A 82-year-old male with known coronary artery disease (previous coronary artery bypass grafting following myocardial infarction), diabetes type II, hypertension and hypercholesterolemia, and smoking-induced chronic obstructive pulmonary disease (FEV1 69%) was referred to our heart valve clinic for assessment of AS. An echocardiogram 2 years earlier had shown LVEF of 60% and a moderate AS. He had experienced progressive dyspnea over the past 4 weeks (NYHA function class III).
His medications included vildagliptin 50 mg twice daily, empagliflozin 25 mg once daily (OD), liraglutid 1.2 mg s.c. OD, aclidinium bromide/formoterol fumarate dehydrate inhalation 340/12 μg twice daily, aspirin 75 mg OD, metoprolol depot 50 mg OD and atorvastatin 40 mg OD.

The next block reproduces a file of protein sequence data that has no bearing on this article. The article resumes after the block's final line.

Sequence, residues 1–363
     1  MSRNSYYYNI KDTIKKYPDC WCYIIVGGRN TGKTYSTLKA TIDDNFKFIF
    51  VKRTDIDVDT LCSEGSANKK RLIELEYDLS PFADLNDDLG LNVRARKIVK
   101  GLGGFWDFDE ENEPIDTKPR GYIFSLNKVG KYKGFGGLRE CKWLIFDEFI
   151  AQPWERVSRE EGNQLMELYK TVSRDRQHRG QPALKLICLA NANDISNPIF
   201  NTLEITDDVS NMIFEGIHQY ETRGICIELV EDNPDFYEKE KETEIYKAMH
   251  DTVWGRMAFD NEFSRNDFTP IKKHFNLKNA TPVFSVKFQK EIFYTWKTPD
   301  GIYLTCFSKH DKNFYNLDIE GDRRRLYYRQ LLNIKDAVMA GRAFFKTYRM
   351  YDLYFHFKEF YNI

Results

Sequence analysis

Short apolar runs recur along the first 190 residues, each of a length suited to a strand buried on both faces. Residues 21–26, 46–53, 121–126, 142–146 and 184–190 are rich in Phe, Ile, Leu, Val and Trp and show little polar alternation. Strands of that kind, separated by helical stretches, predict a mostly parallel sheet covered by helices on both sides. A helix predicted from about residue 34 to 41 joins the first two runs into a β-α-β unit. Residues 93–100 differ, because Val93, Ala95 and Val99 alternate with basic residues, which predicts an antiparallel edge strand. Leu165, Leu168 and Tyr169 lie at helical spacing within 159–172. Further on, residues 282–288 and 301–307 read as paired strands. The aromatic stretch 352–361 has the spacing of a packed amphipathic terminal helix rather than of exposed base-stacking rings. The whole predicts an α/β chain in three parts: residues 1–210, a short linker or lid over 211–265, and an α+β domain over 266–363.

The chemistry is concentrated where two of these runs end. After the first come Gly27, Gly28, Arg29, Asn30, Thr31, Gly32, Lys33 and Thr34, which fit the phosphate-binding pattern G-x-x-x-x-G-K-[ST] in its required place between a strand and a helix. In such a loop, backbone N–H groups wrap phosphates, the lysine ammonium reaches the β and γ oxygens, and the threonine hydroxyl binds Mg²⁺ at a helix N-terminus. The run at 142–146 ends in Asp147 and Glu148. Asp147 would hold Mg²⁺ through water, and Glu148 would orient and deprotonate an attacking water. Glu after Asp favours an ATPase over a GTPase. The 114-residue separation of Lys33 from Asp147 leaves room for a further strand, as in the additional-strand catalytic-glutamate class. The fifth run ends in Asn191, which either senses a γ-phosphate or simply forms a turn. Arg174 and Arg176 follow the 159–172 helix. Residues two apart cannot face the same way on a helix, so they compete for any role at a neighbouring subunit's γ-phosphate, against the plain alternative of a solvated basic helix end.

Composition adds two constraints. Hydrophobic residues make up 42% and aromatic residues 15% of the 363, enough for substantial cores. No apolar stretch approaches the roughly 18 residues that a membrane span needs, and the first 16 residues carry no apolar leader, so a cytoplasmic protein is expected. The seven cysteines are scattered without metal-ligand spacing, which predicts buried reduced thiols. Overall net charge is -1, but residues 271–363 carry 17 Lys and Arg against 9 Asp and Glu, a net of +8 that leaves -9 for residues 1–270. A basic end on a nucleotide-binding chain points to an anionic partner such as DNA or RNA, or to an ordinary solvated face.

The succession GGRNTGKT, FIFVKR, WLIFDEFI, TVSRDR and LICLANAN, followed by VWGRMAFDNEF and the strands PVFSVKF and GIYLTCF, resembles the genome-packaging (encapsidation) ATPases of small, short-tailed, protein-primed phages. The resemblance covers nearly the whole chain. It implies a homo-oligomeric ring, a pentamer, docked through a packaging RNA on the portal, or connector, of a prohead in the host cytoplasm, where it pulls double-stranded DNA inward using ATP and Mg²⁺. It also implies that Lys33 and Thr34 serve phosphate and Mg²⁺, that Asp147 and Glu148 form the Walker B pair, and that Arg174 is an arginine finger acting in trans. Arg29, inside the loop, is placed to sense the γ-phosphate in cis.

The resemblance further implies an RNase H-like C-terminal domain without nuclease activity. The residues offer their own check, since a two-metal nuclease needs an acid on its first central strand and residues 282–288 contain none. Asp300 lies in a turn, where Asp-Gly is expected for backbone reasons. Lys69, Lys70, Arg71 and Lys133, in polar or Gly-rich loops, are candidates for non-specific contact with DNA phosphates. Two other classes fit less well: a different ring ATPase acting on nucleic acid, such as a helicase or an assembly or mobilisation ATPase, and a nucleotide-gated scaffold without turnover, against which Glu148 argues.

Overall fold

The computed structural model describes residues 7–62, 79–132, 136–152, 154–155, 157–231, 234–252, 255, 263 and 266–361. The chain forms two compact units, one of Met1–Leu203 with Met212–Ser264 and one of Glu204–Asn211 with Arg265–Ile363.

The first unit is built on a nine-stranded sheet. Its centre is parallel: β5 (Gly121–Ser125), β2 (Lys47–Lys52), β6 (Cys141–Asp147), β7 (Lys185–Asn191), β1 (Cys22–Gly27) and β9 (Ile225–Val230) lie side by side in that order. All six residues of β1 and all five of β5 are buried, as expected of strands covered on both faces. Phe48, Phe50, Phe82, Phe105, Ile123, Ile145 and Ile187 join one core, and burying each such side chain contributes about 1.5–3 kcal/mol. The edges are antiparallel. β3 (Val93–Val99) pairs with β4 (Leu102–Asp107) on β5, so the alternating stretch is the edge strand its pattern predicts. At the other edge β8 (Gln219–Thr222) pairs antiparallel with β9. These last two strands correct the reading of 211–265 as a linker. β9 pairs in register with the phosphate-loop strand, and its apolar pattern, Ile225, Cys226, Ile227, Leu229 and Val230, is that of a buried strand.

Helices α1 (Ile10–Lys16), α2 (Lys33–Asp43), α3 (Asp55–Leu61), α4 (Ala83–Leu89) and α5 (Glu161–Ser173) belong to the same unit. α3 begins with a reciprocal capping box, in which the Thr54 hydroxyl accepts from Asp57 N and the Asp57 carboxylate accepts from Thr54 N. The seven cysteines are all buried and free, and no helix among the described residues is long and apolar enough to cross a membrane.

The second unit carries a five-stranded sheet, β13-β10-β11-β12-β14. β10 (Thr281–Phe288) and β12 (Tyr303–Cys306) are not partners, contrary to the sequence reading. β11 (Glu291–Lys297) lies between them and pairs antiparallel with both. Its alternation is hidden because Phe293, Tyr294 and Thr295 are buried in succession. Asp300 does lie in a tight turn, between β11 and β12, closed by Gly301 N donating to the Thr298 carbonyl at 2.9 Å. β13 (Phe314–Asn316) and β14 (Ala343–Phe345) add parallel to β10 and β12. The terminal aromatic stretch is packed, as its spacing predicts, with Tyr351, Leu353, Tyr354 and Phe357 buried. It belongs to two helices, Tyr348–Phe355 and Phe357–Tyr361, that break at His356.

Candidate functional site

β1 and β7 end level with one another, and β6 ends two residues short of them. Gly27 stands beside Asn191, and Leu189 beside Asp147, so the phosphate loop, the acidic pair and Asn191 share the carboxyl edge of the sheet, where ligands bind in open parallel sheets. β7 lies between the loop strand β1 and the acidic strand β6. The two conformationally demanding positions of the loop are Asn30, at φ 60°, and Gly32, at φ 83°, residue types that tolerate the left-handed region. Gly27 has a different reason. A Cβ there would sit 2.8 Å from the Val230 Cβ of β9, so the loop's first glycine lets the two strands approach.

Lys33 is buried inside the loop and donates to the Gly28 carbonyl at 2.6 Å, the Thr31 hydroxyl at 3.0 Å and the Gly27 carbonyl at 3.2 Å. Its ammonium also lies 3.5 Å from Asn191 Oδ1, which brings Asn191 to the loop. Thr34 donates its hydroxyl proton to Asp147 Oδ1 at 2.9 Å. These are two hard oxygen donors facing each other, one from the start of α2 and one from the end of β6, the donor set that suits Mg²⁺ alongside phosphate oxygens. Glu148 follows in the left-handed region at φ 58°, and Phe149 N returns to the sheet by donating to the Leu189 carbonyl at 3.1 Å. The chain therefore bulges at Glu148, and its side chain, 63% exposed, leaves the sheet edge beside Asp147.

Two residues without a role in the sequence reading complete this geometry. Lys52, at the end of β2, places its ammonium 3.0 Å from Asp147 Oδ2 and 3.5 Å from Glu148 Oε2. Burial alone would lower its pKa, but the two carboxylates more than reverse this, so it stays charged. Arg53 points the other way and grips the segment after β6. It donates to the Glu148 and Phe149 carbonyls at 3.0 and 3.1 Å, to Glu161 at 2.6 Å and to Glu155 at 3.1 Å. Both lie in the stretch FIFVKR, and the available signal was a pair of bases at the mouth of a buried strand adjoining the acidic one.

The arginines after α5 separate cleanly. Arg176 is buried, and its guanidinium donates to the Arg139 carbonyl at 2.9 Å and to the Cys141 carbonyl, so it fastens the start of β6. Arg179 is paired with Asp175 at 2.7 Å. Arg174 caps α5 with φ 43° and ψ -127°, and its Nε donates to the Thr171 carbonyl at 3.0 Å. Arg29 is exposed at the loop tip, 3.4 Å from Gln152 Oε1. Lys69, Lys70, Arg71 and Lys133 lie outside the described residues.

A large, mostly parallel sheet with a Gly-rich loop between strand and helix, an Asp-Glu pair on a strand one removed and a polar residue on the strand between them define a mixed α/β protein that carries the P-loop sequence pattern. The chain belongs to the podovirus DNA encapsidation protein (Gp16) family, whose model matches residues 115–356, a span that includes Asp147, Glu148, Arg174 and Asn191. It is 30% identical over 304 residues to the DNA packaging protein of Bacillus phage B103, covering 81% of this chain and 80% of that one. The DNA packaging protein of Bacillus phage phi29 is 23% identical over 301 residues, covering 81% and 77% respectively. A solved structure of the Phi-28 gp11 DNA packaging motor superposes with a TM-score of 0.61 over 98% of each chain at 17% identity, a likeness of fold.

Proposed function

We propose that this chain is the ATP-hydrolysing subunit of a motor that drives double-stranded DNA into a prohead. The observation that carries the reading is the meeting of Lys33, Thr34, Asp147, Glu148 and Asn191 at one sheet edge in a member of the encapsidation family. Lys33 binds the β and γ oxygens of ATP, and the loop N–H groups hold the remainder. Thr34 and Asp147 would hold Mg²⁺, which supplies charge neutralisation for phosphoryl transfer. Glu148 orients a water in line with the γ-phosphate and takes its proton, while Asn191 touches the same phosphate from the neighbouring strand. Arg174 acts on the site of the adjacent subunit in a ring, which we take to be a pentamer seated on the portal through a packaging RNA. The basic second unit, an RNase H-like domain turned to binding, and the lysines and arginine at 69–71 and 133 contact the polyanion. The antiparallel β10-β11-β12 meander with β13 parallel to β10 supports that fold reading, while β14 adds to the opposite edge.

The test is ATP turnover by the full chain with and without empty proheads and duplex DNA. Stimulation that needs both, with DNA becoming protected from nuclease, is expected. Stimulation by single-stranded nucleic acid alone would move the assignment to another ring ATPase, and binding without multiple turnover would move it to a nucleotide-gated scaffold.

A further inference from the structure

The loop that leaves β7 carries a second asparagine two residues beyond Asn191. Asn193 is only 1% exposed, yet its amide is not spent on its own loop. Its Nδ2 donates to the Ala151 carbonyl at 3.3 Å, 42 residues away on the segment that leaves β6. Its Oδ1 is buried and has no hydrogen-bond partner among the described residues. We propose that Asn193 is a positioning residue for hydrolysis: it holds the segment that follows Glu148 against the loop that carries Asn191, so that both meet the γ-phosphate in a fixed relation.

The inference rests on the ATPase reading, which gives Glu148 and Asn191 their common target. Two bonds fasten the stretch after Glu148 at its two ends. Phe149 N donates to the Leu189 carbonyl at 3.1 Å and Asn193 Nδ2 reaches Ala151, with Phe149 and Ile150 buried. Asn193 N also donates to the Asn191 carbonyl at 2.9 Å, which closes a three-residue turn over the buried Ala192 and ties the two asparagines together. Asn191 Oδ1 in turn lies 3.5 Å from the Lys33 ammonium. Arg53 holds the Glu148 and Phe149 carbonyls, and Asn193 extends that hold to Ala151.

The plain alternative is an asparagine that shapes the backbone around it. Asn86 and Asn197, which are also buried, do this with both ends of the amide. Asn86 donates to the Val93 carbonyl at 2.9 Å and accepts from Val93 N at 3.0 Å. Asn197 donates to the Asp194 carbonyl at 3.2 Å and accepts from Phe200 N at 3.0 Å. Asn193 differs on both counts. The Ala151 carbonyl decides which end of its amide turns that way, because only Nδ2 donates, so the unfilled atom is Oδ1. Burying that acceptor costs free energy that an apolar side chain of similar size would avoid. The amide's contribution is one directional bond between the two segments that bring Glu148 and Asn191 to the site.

His body surface area was 1.80 m2. On physical examination, there was a systolic murmur, grade 4/6 on the right and left 2nd intercostal space, with the preserved second heart sound. His blood pressure was 124/79 mmHg.
Laboratory tests: Apart from non-fasting serum glucose (11.3 mmol/L) and NT-pro-BNP (260 ng/L), all other blood tests were normal including troponin T (9 ng/L), creatinine (67 μmol/L), eGFR (67 mL/min/1.73m2), sodium (139 mmol/L) and potassium (4.3 mmol/L).
Chest X-ray was unremarkable.
Coronary angiography showed a normal left main stem, native three-vessel disease, but open coronary bypass grafts (left internal mammillary artery to left anterior descending artery, and saphenous vein grafts to circumferential artery and right coronary artery). No new obstructive lesions were revealed. Heart CT showed a tricuspid aortic valve with Ca score of 2140 Agatston units.